I need to make some lifestyle changes. I’ve come to the point whereby I’ve set myself a number of challenges to slowly alter how I go about spending money and improving my health.

It’s nothing too dramatic. I see it more as chomping at bite size chunks to achieve overall personal goals. It’s all about removing and changing minor things, that all added up will represent a much larger progress.

Before we go through my intended lifestyle adjustments I’d like to tell you a little story from my childhood that has stayed with me to this day. Are you sitting comfortably?

In the summer of 1994 I was 9 years old; I’m 28 now to save you doing any maths. As a family we went on a holiday to Italy visiting a friend of my Dad’s, Enrico. He always told us he had a castle and we didn’t believe it till we got to Campolattaro, south of Rome.

The memory of the holiday as a whole is hazy except for a few prominent things. There were the picturesque hilly surroundings, coated with the searing heat of the Mediterranean sun. Also there is a vague memory of an enjoyable yet unsuccessful fishing trip with my Dad and older brother. One specific thing I do however remember well is sitting down one evening to a meal of pasta with a thick, rich creamy sauce made by the host himself, Enrico.

Now both I and my brother were like most typical British kids when it came to cuisine and culture – very reluctant to try new foods, flavours and experiences. Our dinners back at home mostly consisted of readymade pizzas, pies, fish fingers and chips, all with lots of ketchup. As a child I was a very fussy eater and probably not very healthy either.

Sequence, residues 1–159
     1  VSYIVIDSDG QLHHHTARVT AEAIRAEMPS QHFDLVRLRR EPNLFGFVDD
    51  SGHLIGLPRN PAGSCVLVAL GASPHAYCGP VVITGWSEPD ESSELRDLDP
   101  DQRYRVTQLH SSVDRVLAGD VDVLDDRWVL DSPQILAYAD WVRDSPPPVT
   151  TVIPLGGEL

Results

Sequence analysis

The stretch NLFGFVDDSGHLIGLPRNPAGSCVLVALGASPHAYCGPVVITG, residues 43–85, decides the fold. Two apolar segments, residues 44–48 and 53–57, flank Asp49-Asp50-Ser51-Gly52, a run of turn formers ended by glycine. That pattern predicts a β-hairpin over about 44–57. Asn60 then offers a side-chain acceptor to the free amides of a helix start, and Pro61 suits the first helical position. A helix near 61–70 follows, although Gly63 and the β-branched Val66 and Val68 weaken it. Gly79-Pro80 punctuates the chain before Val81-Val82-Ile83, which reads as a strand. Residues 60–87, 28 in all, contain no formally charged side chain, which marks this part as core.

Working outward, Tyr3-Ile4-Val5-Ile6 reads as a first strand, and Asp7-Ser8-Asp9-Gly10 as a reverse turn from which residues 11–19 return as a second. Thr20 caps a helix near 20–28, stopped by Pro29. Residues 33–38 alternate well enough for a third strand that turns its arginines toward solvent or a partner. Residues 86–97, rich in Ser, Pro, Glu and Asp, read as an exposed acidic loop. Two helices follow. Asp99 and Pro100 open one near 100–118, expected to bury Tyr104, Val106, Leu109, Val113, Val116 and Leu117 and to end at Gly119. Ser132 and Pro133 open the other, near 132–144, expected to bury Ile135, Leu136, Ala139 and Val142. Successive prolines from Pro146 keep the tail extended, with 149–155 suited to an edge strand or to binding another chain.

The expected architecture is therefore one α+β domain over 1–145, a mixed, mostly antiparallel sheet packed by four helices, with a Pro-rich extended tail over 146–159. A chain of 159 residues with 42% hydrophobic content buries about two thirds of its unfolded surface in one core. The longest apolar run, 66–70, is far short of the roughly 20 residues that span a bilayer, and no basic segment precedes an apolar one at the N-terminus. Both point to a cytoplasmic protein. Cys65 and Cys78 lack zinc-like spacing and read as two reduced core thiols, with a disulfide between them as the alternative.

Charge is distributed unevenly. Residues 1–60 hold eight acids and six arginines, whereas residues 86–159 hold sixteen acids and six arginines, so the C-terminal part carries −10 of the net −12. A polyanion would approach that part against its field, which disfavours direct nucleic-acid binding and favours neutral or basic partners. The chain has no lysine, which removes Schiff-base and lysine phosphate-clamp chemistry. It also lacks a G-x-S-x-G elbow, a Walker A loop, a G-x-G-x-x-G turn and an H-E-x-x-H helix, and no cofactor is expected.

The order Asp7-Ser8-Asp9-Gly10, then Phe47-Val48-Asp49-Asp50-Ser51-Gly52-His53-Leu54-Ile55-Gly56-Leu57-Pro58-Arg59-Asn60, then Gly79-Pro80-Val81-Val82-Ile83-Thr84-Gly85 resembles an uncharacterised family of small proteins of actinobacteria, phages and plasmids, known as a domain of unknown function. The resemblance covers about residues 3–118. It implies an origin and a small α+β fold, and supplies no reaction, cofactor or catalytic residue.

Yet that summer in Campolattaro changed me for good when I was sternly told by all adults to finish my bowl of the pasta and rich sauce before I was allowed to leave the table. I’m sure many of you as parents will know about this technique of putting your foot down when it comes to dinner time, and I support you in your pursuits for nurturing through discipline.

I continued to sob at the table for a while, and looked to anyone for sympathy in the hope that a plate of chips would magically appear. Nothing did. In fact the adults carried on with their evening of chatting and relaxing whilst poor little me (I was small for my age) grasped my spoon and trudged through the bowl with a sour face.

It is enough to say that today those very words ‘creamy pasta’ make my mouth water as an adult (close enough) and a keen cook. I now love all sorts of tastes and textures and will eat pretty much anything that’s put in front of me, although I’ve still managed to retain the fussy part of me when it comes to certain domestic and culinary duties.